Physical characteristics

The Parulidae is a vast group, yet the wood warblers share a number of traits. Most have slender or flat beaks that are pointy, but short. Some wood warblers, like the yellow-breasted chat (Icteria virens) and yellow-rumped warbler, have

A Connecticut warbler (Oporornis agilis) in flight. (Photo by Doug Wech-sler/VIREO. Reproduced by permission.)

more robust bills, while the American redstart (Setophaga ru-ticitta) sports distinctive rictal bristles, which are stiff, modified feathers at the base of its flat bill. Most wood warblers are small birds, tending toward the smaller side of the family's 4-7.5 in (10.2-19.1 cm) range. They are characterized by legs that look no more sturdy than a toothpick, and have the typical three-toes-forward foot structure of other birds in the Passeriformes order.

Wood warbler plumage ranges widely in color. These "jewels of the forest" generally have yellow, red, black, gray, or green areas of plumage, with yellow and olive the predominant colors within the family. Males of the temperate species are usually much brighter in color and have sharper patterns than do the females, but males of some species become duller and resemble the females in fall and winter. Juvenal plumage is frequently similar to the female's, but duller still. Among the more tropical species, the males and females generally look alike. In some species of wood warbler, like the yellow warbler (Dendroica petechia), the male is slightly larger than the female. A unifying trait among all wood warblers is the presence of nine functional primary feathers. Other songbirds typically have 10.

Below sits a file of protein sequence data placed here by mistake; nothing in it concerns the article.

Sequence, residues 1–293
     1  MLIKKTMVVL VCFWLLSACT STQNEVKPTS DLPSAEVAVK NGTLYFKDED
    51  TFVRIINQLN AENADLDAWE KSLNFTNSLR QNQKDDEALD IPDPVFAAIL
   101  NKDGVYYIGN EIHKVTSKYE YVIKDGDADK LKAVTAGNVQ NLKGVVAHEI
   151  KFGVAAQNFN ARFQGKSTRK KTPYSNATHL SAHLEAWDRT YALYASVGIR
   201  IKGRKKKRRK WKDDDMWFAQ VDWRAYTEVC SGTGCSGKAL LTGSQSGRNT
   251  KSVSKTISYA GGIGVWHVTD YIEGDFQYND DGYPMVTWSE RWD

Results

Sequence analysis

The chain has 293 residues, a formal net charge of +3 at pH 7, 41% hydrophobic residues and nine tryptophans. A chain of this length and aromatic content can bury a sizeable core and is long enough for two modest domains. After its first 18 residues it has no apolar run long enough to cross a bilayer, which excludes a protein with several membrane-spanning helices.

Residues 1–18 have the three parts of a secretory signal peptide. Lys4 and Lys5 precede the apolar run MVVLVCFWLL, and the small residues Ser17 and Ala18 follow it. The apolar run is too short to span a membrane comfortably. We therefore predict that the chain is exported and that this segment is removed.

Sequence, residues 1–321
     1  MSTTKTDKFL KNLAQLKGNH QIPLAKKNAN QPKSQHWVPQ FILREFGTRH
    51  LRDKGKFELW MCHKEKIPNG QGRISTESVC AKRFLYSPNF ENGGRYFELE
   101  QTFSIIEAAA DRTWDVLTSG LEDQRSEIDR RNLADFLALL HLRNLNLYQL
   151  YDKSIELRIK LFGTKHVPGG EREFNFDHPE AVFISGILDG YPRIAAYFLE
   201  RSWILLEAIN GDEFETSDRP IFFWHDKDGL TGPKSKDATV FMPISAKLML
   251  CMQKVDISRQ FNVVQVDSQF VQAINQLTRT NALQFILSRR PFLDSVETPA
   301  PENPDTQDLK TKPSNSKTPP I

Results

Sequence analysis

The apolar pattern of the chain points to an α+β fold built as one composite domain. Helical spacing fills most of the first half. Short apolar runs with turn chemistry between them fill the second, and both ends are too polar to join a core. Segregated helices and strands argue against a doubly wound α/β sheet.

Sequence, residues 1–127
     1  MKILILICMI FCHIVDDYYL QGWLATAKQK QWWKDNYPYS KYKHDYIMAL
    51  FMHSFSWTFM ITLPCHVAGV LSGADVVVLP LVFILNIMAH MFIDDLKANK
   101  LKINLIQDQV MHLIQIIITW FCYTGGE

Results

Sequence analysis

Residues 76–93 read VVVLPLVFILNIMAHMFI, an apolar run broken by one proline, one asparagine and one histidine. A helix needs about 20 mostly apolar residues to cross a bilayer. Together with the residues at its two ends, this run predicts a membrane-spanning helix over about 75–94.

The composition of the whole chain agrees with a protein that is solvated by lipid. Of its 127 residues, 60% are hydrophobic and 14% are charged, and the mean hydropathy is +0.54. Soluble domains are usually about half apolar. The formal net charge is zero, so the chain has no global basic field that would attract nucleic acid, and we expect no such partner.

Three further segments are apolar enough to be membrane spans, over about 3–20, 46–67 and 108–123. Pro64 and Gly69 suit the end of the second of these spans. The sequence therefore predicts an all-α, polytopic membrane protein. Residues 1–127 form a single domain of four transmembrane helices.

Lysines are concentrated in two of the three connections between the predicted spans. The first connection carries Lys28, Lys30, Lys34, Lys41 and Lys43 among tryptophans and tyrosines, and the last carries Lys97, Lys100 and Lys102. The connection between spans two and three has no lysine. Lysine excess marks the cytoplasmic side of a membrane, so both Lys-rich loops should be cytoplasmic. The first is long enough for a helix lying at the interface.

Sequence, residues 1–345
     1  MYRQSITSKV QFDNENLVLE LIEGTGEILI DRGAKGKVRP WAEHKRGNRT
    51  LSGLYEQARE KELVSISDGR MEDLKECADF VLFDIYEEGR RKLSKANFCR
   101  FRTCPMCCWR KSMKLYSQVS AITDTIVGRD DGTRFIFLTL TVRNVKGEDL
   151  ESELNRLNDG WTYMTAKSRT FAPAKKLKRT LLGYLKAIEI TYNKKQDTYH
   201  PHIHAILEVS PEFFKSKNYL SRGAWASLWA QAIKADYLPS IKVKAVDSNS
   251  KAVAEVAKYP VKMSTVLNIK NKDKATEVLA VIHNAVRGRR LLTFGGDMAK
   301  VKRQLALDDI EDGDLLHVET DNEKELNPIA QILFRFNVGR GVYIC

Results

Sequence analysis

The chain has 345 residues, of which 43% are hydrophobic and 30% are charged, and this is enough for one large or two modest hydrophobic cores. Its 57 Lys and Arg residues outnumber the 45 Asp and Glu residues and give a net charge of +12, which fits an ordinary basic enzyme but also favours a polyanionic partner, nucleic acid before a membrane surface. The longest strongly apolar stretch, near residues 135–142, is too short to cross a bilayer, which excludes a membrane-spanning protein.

Another identifying feature of many wood warblers is their seemingly constant movement. They flit from branch to branch, usually giving observers only a quick glimpse of color before they fly off to another spot. A birder can spend hours in the field listening to a common yellowthroat (Geothlypis trichas) or yellow warbler singing nearby, but may be unable to focus the binoculars on anything more than a branch left swaying by the bird that just left.

Finally, one of the most distinguishing characteristics of the wood warblers is their songs, which add greatly to na ture's symphony. Prime examples include the Louisiana wa-terthrush (Seiurus motacilla), an insignificant-looking ground dweller that often utters its loud, pleasant tune to a background of rushing water; and the yellow-breasted chat, which has a loud, flutelike and gurgling song. The ovenbird (Seiu-rus aurocapillus) is much less melodious, with a blunt cry that sounds like "teacher, teacher." In contrast, the feeble "heee-bsss" song of the blue-winged warbler sounds like an insect and is often identified as such by inexperienced human observers.

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